there is work undone. We will die with work undone.
Thelabors of life are endless.
For many people, solitude is just a
poet's word for being alone. But being alone, in
itself, is nothing. It can be
a breeding ground of loneliness as easily
as a source of solitude. Solitude is
a condition of peace that stands in
direct opposition to loneliness.
Loneliness is like sitting in an
empty room and being aware of the space around you.
It is a condition of separateness.
Solitude is becoming
one with the space around you. It
is a condition of union. Loneliness is small, solitude is large.
in around you, solitude expands toward
the infinite. Loneliness has its
roots in words, in an internal conversation
that nobody answers; solitude has its
roots in the great
silence of eternity.
is about getting the "I" out of the center of our
thoughts so that other parts of life can
be experienced in their fullness.
It is about abandoning the self as the
focus of understanding, and giving
ourselves over to the great flowing
fabric of the universe. Though this may
sound mystical and abstract, the universe
has an eternal hum that runs beyond
our individual birth and death. It
makes us part of something larger.
In solitude alone do we become part
of this great eternal sound.
the clearest source of solitude. If you have
the wisdom and the courage to go to
nature alone, the larger rhythms,
the eternal hum, will make itself known
all the sooner. When you have found
it, it will always be there for you.
The peace without will become the peace
within, and you will be able to return to
it in your heart
wherever you find yourself.
In this awareness the whole world changes. A
to be an object and becomes a living
thing. We can smell its
richness, hear its rustlings, sense its rhythms as
it carries on its endless dance with
solitude silence becomes a symphony. Time changes from
a series of moments strung together into
a seamless motion riding on the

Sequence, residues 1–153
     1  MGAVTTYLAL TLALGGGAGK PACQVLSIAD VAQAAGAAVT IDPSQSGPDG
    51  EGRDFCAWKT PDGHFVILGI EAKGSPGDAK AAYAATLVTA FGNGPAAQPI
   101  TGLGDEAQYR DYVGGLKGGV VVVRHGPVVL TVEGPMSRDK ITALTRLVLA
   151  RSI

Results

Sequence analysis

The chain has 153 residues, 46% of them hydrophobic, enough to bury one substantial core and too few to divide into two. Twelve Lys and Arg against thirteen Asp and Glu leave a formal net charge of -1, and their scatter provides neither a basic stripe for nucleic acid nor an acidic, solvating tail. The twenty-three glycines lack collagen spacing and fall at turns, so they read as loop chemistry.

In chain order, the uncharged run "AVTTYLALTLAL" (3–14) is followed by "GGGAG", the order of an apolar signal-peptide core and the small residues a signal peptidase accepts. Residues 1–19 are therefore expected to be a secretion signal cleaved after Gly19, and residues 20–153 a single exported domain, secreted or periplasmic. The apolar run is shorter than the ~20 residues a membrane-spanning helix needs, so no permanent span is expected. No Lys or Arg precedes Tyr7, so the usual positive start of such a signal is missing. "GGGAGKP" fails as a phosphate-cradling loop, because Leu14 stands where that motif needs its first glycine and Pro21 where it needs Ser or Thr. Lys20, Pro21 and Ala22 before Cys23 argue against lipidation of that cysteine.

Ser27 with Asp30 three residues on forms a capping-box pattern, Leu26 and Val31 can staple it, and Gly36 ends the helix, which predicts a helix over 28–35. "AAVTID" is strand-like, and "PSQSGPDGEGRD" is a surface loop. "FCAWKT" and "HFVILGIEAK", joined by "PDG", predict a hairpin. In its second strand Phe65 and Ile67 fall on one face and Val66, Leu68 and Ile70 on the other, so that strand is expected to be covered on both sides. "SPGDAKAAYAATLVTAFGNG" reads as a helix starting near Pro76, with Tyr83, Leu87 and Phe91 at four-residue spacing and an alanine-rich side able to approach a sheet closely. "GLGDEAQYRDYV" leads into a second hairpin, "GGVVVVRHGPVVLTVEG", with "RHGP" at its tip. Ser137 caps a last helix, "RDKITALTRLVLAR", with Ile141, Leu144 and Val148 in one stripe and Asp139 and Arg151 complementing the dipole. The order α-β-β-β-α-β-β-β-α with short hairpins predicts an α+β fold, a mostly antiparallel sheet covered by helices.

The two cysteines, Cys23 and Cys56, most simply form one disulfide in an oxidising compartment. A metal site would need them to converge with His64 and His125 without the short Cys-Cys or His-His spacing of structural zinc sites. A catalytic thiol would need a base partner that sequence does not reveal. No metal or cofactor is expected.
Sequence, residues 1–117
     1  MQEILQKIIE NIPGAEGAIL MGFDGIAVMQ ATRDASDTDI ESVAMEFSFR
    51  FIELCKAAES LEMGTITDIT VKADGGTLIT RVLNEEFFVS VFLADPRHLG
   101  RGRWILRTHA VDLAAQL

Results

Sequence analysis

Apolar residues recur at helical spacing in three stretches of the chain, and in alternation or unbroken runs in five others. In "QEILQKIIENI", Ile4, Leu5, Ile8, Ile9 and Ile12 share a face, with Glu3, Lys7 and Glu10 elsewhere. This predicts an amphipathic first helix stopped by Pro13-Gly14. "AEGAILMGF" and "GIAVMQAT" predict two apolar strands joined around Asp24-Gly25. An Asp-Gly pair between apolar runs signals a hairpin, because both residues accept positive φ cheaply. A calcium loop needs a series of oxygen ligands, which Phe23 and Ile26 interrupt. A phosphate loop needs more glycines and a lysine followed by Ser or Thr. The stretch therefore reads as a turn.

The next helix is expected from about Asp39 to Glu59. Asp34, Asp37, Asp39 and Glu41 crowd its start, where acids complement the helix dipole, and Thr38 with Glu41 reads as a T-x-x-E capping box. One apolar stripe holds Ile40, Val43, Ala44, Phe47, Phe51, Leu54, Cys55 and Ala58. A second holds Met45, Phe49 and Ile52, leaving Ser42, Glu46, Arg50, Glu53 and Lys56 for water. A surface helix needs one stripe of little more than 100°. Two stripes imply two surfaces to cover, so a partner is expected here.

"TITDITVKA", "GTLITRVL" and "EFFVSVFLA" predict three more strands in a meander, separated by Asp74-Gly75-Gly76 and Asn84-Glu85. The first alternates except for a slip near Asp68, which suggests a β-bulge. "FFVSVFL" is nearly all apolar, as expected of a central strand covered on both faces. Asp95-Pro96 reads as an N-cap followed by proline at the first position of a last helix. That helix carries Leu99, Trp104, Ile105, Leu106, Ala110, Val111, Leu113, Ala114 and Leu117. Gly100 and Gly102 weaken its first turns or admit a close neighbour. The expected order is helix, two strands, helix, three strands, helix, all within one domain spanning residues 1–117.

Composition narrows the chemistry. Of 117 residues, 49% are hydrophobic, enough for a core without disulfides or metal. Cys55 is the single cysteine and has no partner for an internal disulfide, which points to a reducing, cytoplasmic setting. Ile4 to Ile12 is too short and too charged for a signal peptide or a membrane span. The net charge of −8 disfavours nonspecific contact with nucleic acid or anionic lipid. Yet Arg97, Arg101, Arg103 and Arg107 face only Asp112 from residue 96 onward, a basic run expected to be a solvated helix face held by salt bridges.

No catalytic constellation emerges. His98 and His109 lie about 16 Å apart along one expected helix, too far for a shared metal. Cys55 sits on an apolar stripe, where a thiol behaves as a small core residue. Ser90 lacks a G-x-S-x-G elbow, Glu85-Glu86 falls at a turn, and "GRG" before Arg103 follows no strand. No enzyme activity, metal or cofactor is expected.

rhythms of the stars. Loneliness is banished,
solitude is in full flower, and we are
one with the pulse of life and the
flow of time.
awareness we experience in solitude is priceless for the
peace it can give. It is also the
key to true loving in our
relationships. When we have a part of ourselves that is firm,
confident, and alone, we don't need
another person to fill us. We
know that we have private spaces full of goodness
and self-worth, and we grant the same to
those we love.
The mountain is not restless in its
aloneness. The hawk tracing
circles in the sky is not longing for union with
the sun. They exist in the perfect
peace of an eternal present, and
that is the peace that one finds only in
solitude. Find this peace in
yourself, and you will never know
another moment of loneliness in your life.
From The Book Simple Truths, by Kent
I hear and forget
I see and remember
I do and I understand
Programs at your Forest Preserve
All programs are offered
without charge. To schedule a program or activity for a class, group or
club, call Jean Hurrle at 815-549-9072. Maps
of the sites are on our website at
Sunday, October 17 at 3:30
Gar Creek Prairie
Walk – visit 16 acres of
restored native grasslands & learn about some of the plants that are so
uniquely adapted to the extremes of climate typical of the open prairies of
Saturday, October 23 at 7:00
Shannon Bayou Nature Center
S’mores, and Owling
with John Baxter
A family favorite each
Fall, with a campfire, s’mores,
cider, a bit of music. John Baxter, of the Kankakee Valley Audubon
Society, will tell us about owls and their calls. Bring the whole
family, and an instrument to accompany John’s harmonica.
Saturday, October 30 at 7:00 P.M
Gar Creek Prairie
…….. Visit the prairie and
riverbank woodlands on an autumn night
close to the full Harvest Moon (10/28).
Saturday, November 6 at 3:00 P.M
Aroma Preserve, in Aroma Park
The trail at the Aroma Preserve winds through several types of habitat,
including upland sand prairie, woodland and wetland areas, and down to the
Saturday, November 20 at 3:00 P.M
Location of the office
and Nature Center
3301 Waldron Road in Aroma Park
Gar Creek Prairie:
About one-half mile
east of Route 45 on River Road adjacent to the
Kankakee Community College
Aroma Preserve and
Environental Education Area:
Heiland Road, 1.4 miles
south of Hwy. 17 East
1.1 miles south of I-57
on Waldron Road in Aroma Park
On Duane Blvd in
On County Road 3570